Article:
Greyhound station may leave downtown

For 75 years, Greyhound buses have called on this streamline moderne station on
Chester Avenue on the east side of downtown Cleveland. But those days may be
coming to an end soon as the bus company looks to cut costs and serve cheaper,
less centrally located stops (KJP). CLICK IMAGES TO ENLARGE THEM.

Cleveland may soon join the list of medium- and large-sized cities whose central business districts have lost their Greyhound bus stations to less-accessible locations. And that’s of concern to low-income travelers, college students and others trying to save money or avoid the stress of driving while traveling to and from Cleveland’s station at 1465 Chester Ave., downtown.


Tuesday, May 9, 2023

Addressing the shortage of for-sale housing

Due to rise as early as this summer, The Equinox on West 48th Street has put
11 for-sale housing units on the market that’s desperate for new inventory. The
site is at the east end of Cleveland’s Detroit-Shoreway neighborhood, near
Ohio City (Payto Architects). CLICK IMAGES TO ENLARGE THEM.

Despite the rise in interest rates, there continues to be strong demand for new housing in Greater Cleveland, especially in hot sub-markets like where Cleveland’s Detroit-Shoreway neighborhood meets Ohio City. In areas like that, homes sell for about 2 percent above the list price and get an accepted offer within nine days of going on the market, according to real estate analytics form Norada Real Estate Investments of California.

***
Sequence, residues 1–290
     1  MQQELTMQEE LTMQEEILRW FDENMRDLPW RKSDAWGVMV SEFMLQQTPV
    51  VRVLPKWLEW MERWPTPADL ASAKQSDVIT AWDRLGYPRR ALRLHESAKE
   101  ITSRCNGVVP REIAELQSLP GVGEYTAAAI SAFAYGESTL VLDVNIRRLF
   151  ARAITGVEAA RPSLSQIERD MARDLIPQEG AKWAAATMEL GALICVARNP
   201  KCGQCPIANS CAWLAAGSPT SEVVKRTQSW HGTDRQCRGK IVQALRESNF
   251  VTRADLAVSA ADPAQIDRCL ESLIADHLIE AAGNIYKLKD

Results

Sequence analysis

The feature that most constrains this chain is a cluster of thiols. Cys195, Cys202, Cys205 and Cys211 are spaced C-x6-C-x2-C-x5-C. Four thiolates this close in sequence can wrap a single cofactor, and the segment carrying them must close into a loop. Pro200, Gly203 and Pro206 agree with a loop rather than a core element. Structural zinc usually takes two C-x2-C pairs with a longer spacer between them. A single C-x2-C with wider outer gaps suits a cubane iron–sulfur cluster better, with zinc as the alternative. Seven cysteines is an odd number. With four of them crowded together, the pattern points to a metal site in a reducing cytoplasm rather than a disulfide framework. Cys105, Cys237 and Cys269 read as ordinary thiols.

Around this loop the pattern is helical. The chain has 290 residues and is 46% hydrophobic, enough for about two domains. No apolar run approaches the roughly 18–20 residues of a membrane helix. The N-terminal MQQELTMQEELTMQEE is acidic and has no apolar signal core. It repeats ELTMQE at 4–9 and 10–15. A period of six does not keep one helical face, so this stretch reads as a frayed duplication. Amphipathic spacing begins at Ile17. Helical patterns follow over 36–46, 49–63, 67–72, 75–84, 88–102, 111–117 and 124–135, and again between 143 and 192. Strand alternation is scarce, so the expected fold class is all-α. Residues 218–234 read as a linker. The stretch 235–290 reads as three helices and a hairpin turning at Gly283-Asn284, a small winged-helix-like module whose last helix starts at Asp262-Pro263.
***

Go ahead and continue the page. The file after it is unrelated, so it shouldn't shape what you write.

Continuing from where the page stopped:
Friday, May 5, 2023

Cleveland has designs on its waterfronts

The Euclid Beach Trail Connector in Cleveland’s Collinwood neighbor-
hood would be an important project on its own. But it’s just one of nine
waterfront projects the city is directing funding for final design work in
order to secure construction funding to build those proposed improve-
ments. The Euclid Beach Trail Connector will connect and protect the
Beulah Park, Villa Beach and Shore Acres neighborhoods from Lake

For much of the city’s 227-year history, public officials have been accused of ignoring Cleveland’s waterfronts and especially its lakefront. But now there’s a flurry of activity to turn conceptual ideas into blueprints which will not only help city officials apply for construction funding but to actually build what’s been proposed. Today, those funding allocations for nine waterfront projects were mostly recommended by the City Planning Commission for City Council approval although one was tabled until the next commission meeting. Several of those funding allocations are for construction or demolition to allow larger projects to go forward.